spk06: No, not at all. I mean, obviously, you know, there's always cycles in any business and certainly in the semi space, you know, we're well tuned to that, but, you know, everything we talked about the analyst day and we're seeing today is exactly intact. You know, we are well positioned across the markets we play in, you know, we gained share this past year in 22 in a very challenging environment. That was on top of a very substantial share gain in 21, so we're kind of doubling down on that. The engagement with customers is really strong. The interaction is very good. The R&D teams are fully engaged. So there's really no change in the fundamental piece of the business and how we grow long-term shareholder value. And as John mentioned in the prepared remarks, the team has done a fantastic job navigating a very, very difficult supply chain environment in a ransomware incident. And we did better than we expected coming into this quarter. So, no, no change in our view looking out five years. You'll have these fluctuations for sure. But we can manage these pretty well, we think.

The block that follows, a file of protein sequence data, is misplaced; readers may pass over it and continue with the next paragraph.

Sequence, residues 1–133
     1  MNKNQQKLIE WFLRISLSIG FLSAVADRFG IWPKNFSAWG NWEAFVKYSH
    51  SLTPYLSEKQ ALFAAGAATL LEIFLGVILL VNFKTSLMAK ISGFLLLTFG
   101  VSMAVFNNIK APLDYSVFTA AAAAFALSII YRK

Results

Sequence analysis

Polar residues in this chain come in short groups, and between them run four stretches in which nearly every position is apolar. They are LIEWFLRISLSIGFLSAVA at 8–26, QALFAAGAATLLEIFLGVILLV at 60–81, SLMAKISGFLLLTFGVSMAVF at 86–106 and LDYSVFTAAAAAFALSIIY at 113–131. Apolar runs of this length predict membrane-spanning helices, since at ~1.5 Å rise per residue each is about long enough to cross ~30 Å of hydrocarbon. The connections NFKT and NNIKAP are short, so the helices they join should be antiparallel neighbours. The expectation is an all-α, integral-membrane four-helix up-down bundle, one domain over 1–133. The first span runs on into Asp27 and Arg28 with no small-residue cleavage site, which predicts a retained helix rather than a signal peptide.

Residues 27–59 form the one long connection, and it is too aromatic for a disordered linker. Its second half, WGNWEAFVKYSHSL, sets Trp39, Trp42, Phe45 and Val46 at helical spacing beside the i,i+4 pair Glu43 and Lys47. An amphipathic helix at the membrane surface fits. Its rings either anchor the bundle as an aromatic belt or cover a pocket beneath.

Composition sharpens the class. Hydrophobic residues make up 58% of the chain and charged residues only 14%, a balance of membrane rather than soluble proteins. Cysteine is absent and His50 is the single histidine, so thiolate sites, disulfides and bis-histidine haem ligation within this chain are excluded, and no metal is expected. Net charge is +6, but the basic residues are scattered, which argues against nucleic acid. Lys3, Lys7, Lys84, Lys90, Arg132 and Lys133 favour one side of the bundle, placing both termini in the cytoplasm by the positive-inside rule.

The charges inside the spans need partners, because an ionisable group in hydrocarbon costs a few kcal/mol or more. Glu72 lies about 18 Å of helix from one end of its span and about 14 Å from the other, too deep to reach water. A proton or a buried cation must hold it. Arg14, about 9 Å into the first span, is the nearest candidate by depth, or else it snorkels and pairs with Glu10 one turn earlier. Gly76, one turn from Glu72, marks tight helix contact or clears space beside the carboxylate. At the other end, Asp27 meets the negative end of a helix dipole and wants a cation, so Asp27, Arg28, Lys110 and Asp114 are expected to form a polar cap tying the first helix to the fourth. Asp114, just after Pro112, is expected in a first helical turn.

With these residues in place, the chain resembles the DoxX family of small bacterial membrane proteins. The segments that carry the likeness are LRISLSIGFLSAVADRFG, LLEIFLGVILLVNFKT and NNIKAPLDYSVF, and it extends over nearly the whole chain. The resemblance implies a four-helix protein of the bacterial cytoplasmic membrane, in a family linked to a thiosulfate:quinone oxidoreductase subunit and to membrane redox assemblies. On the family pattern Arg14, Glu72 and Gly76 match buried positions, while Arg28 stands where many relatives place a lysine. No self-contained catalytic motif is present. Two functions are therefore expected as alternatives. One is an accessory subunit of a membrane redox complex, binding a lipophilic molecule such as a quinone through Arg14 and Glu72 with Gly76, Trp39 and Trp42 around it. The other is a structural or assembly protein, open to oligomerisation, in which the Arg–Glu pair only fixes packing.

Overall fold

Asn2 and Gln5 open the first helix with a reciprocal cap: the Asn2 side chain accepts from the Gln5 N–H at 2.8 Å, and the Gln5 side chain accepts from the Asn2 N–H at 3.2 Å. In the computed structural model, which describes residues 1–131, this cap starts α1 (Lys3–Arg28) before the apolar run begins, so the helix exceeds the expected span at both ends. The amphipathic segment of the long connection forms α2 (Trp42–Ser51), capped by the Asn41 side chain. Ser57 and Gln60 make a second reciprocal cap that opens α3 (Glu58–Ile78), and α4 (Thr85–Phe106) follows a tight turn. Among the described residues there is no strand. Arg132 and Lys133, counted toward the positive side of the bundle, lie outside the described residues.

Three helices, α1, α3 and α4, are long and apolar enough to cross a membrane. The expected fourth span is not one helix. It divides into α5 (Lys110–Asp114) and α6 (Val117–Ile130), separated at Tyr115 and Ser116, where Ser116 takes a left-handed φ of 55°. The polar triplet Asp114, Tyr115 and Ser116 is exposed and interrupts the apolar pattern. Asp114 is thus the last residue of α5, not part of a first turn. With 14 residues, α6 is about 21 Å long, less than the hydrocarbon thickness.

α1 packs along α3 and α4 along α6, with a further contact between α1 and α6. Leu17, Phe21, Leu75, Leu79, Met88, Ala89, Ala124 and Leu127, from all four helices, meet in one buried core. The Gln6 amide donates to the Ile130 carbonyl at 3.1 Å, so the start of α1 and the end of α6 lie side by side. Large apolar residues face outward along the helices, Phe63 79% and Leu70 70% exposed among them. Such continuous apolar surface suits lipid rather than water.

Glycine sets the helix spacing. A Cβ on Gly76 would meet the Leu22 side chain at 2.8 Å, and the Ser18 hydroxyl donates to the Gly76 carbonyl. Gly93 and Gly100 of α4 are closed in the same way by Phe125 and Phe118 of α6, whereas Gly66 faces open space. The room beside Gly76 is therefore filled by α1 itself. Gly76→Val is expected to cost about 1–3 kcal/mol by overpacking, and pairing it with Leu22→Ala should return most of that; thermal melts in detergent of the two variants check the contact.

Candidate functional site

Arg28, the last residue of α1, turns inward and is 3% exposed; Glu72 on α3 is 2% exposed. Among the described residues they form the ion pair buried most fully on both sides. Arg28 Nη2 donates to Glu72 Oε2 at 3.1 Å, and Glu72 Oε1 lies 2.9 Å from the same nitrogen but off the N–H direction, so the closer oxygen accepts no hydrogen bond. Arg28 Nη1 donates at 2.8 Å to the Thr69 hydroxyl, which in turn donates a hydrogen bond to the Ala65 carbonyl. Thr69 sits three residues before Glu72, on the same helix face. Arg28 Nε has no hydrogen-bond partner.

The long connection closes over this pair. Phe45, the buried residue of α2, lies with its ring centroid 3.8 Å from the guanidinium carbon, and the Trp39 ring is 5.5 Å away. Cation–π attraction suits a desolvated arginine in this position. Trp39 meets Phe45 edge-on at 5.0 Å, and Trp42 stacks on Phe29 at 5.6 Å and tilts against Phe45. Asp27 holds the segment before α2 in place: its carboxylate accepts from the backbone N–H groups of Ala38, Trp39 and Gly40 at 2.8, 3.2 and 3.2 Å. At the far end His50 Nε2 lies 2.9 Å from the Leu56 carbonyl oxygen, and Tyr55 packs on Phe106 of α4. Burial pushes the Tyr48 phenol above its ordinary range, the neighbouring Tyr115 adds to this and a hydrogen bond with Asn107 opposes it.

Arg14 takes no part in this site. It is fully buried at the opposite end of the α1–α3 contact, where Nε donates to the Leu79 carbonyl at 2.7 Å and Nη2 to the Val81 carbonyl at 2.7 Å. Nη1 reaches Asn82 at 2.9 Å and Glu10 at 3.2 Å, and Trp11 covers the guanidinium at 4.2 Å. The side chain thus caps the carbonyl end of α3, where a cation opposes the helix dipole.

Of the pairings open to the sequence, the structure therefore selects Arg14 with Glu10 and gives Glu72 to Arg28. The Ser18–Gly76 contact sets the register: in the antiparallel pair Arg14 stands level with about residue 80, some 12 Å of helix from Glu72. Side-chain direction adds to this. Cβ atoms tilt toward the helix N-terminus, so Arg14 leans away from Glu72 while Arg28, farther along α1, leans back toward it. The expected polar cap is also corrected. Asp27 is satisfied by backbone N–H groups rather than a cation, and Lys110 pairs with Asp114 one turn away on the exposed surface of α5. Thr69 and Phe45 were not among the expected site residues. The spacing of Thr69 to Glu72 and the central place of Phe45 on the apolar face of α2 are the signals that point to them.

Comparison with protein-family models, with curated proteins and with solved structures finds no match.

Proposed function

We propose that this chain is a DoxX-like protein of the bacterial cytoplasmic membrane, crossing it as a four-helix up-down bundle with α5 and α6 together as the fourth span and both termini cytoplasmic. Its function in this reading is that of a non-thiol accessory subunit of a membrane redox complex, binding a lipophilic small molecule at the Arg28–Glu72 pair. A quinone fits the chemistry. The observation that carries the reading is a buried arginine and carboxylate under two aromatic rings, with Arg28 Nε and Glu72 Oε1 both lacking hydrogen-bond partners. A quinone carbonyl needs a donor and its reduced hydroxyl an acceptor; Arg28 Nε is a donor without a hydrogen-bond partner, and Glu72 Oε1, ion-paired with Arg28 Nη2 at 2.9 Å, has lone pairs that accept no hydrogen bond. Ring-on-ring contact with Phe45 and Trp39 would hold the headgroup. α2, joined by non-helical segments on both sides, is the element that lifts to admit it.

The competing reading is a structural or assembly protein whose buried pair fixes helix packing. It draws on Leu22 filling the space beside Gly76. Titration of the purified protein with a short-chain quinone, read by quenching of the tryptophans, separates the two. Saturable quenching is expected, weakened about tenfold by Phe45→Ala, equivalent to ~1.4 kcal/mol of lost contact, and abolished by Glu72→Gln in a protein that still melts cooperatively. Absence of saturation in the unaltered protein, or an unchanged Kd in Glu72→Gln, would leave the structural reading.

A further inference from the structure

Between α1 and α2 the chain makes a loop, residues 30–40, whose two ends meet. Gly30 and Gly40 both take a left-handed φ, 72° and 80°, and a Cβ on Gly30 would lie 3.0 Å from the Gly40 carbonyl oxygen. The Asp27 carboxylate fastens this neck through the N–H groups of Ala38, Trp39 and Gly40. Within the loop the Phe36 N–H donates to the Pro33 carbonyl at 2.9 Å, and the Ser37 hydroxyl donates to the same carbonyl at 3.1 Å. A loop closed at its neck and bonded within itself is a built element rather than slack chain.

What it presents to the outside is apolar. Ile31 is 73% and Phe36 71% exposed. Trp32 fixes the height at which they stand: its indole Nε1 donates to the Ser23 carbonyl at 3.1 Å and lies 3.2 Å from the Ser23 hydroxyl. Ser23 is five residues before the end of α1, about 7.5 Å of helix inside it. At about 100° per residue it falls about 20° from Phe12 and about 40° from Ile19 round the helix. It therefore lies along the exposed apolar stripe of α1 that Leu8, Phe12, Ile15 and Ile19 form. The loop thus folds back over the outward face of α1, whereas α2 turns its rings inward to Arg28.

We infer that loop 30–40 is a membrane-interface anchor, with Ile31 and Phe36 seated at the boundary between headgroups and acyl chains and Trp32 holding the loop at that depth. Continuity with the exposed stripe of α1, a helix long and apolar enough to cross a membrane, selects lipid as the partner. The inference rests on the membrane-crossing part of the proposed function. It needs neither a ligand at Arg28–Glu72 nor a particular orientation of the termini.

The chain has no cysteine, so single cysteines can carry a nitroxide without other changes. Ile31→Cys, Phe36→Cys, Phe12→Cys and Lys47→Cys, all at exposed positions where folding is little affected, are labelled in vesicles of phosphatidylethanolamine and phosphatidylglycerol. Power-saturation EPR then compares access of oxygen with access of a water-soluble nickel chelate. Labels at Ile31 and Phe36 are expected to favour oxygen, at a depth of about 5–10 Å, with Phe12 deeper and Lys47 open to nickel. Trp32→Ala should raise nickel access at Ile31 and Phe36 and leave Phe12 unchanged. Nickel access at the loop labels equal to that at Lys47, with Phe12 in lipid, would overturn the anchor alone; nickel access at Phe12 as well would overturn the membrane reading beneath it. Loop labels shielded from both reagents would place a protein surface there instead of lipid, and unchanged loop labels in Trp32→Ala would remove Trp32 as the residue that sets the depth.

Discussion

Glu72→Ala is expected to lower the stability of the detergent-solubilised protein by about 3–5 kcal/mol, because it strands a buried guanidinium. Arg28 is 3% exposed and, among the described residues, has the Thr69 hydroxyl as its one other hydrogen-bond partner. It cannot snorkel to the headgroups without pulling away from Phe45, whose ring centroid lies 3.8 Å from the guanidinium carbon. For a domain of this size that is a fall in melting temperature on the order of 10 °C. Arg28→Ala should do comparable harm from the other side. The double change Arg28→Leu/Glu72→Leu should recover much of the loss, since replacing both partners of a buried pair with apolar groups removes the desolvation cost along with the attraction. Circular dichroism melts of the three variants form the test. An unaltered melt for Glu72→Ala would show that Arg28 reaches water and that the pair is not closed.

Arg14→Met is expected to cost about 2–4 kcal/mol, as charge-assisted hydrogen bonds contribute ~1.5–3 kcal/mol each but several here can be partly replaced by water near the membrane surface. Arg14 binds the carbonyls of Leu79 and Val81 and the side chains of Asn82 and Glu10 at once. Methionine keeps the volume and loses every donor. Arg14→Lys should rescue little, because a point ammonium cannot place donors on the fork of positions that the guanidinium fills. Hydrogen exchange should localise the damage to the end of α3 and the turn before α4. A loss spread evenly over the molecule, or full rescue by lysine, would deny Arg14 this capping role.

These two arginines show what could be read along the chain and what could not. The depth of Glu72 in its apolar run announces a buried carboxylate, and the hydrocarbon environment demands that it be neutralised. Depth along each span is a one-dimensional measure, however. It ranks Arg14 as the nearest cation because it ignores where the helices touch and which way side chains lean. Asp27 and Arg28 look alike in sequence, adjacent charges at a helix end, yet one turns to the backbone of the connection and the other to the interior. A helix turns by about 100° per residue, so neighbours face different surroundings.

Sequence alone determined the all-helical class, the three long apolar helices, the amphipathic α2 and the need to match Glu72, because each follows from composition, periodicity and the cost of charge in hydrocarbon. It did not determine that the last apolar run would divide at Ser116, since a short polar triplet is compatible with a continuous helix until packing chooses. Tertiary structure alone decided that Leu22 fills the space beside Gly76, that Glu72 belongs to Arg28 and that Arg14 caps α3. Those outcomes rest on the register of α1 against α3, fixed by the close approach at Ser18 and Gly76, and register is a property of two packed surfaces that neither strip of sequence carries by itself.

spk03: Great to hear. Thanks. Okay. Thanks, Steve.
spk02: Thank you. I'd now like to turn the call back to David for closing remarks.
spk04: Thank you for joining us today and for your interest in MKS. Operator, you may close the call, please.
spk02: Thank you. And thank you for your participation in today's conference. This does conclude the program and you may now disconnect.